KANSAS CITY, Mo. — A U.S. judge in Texas has blocked President Joe Biden’s plan to provide millions of borrowers with student loan debt relief.
“This is very messy,” UMKC Financial Aid Coordinator Kim Jarrett told FOX4 Friday.
Jarrett said because the issue doesn’t involve her school, she’s told her students to go the U.S. Department of Education website to find out if they qualify.
“StudentAid.gov has been really comprehensive on the application process, super simple, super easy,” Jarrett said.
The problem now is if you haven’t already applied, the website’s not accepting applications after the court blocked the debt relief program. The website says the Biden administration is “seeking to overturn those orders.”
“It’s a program that would have assisted me here,” UMKC junior Simone Folsom said Friday. “Based on the decisions of other people elsewhere in the country, it is now not going to assist me and my friends here.”
Folsom’s upset with the efforts to stop the President’s plan.
“Frankly, I think college should cost as little as it possibly can,” Folsom said.
Some of the students FOX4 ran into Friday at the UMKC campus had not heard of how the judge ruled Thursday.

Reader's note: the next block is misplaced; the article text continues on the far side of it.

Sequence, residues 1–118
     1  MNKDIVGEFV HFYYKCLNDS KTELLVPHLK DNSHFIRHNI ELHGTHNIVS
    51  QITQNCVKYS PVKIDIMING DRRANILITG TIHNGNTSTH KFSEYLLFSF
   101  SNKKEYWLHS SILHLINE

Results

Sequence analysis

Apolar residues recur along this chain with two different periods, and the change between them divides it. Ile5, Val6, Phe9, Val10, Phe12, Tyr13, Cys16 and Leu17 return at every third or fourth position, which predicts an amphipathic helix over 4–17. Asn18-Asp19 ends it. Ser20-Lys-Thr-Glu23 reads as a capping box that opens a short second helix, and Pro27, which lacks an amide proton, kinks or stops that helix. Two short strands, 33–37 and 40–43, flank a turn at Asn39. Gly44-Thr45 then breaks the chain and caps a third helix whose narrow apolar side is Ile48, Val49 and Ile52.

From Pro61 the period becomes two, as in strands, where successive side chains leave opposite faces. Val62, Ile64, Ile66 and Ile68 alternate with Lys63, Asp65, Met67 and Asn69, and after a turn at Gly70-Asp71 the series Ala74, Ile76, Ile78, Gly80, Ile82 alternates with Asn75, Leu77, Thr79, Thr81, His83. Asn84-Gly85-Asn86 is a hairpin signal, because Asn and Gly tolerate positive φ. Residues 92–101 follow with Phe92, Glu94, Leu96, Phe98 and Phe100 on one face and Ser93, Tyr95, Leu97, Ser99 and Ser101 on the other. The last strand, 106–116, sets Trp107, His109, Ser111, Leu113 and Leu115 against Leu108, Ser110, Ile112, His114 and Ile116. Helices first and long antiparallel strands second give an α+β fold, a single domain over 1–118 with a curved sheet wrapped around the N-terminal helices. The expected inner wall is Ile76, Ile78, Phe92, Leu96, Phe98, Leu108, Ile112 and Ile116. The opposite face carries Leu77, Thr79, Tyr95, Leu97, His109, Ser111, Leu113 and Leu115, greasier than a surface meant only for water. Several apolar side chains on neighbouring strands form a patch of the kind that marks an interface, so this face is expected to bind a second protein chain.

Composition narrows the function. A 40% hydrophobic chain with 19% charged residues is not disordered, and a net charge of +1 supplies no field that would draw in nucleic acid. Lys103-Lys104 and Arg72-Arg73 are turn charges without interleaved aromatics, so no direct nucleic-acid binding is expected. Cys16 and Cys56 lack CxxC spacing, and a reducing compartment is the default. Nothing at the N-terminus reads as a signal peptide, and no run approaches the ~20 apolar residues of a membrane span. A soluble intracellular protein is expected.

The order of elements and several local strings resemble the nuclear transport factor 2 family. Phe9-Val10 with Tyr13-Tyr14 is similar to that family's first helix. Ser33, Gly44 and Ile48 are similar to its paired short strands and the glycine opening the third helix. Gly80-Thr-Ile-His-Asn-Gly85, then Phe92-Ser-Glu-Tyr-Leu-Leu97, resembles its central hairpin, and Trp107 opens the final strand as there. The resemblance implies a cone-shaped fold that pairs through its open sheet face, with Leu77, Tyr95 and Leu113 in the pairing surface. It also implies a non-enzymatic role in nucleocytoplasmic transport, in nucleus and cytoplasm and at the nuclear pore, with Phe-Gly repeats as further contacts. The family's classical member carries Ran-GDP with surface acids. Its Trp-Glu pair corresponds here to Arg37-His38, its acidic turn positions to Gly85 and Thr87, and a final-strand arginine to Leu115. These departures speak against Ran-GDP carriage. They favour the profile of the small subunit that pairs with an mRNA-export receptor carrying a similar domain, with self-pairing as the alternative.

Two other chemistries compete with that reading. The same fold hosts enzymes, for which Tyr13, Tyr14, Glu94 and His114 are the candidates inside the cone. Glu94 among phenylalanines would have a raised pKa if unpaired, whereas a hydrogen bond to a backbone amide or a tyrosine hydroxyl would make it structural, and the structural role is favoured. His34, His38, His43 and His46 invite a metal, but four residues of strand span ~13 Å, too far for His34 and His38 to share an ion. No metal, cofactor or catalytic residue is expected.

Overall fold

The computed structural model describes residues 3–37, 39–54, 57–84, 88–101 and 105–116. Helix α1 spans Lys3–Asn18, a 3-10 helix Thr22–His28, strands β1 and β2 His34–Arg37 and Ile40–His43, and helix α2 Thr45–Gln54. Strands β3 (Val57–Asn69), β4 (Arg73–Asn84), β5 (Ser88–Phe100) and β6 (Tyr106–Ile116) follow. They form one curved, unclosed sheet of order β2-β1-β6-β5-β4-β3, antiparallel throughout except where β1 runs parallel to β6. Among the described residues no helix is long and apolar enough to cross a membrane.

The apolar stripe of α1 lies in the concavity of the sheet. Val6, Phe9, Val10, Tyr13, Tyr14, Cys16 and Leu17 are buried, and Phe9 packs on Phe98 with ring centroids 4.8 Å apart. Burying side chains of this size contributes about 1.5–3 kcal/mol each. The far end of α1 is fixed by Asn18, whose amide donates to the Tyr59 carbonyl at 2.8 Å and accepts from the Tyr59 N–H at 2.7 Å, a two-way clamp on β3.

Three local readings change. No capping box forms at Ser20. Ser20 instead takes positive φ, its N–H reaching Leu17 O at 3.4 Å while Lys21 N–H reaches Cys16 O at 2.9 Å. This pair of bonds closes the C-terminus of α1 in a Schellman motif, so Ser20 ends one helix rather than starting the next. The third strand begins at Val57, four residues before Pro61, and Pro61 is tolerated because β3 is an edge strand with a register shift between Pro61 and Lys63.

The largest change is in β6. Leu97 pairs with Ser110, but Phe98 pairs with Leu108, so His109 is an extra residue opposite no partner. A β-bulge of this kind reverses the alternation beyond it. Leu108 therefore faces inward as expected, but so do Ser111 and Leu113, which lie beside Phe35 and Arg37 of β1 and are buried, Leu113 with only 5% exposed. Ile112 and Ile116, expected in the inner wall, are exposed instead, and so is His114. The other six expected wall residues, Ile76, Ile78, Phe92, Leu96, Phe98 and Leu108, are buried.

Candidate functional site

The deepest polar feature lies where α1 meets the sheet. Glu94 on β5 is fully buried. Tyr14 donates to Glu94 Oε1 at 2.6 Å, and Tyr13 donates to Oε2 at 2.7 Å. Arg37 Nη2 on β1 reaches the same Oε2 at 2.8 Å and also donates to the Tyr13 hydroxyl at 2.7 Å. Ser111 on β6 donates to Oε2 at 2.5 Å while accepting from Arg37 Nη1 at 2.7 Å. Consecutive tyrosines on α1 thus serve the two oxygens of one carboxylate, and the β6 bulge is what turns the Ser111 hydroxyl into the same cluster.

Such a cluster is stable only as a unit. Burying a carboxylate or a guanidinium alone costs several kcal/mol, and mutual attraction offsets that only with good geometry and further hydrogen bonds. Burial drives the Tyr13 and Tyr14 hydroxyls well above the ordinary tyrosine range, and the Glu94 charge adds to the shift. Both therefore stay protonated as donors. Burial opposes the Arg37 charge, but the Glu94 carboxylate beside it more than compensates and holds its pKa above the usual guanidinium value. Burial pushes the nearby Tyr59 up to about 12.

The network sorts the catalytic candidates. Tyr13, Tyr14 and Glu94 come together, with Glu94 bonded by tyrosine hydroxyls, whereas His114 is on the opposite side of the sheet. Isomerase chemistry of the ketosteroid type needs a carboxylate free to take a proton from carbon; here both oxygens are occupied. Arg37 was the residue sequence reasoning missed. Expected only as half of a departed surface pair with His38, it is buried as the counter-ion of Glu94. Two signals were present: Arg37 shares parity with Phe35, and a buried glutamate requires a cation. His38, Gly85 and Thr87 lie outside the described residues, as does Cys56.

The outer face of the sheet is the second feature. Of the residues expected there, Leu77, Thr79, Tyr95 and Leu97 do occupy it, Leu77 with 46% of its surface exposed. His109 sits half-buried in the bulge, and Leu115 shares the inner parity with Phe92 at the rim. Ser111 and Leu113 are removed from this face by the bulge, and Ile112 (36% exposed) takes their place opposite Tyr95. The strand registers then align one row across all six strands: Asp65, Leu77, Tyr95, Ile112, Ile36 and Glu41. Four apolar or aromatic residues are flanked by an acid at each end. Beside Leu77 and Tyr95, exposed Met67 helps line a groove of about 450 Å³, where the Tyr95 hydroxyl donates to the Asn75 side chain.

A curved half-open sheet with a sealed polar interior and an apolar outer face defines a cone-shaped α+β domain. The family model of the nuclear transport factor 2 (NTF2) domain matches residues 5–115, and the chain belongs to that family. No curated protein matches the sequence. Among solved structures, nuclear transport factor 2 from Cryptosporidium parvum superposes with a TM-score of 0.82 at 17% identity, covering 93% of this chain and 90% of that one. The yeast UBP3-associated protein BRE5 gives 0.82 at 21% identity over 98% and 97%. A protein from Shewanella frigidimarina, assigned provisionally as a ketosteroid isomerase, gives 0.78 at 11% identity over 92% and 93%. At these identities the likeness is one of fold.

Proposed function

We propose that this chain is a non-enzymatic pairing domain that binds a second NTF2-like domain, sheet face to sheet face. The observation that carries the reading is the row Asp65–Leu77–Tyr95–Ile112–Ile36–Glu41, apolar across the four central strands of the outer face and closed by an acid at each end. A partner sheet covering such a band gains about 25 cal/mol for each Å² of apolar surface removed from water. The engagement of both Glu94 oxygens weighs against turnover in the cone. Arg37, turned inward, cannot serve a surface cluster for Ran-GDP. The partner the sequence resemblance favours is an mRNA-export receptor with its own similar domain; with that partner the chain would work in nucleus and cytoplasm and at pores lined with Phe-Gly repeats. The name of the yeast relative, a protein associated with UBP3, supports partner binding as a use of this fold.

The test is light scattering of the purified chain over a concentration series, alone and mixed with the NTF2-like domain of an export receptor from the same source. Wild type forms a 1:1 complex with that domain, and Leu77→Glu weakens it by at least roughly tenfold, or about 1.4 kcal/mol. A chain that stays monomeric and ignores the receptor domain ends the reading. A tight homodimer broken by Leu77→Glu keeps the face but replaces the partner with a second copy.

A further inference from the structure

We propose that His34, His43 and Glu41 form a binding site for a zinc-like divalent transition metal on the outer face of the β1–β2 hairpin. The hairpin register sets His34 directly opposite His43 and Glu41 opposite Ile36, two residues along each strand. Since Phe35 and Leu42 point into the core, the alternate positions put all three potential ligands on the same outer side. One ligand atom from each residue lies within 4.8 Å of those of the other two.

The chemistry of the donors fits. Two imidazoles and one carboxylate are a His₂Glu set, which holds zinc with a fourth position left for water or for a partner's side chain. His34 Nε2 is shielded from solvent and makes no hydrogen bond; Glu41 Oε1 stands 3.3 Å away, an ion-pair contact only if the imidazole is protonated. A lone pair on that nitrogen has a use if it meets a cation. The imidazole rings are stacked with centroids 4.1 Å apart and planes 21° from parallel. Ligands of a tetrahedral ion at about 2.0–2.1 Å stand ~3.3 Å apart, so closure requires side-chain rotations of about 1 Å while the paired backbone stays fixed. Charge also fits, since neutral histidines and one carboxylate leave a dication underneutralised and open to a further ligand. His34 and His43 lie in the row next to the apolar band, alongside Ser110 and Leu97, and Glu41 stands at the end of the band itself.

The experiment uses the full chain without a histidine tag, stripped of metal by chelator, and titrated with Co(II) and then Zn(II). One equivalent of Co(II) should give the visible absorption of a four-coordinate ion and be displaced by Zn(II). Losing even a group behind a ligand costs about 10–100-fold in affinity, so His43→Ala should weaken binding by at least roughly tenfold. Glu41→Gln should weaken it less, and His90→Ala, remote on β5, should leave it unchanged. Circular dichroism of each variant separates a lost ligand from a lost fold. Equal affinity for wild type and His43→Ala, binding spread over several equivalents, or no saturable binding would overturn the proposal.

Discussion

“A lot of my friends who are anticipating having student debt are waiting on something like this or some kind of similar program hoping that that it is kind of what happens by the time they graduate,” Folsom said.
Jarrett said loans taken out after July 1st would not qualify under the President’s plan anyway, but now loans taken out before then are in question, too.
District Court Judge Mark Pittman ruled the plan took away Congress’ power to make laws. The President cited the HEROES Act for why student debt relief should be allowed, but Jarrett said that act’s usually not for the general public.
“I don’t know that he can use the Military Returning Heroes Act,” Jarrett said of Biden. “Even if he could, Congress would have to approve whether or not to impose the tax burden on the public.”
Biden’s plan was already on hold while a federal appeals court in St. Louis considered a separate lawsuit by half a dozen Republican-led states. Two of those states were Kansas and Missouri.
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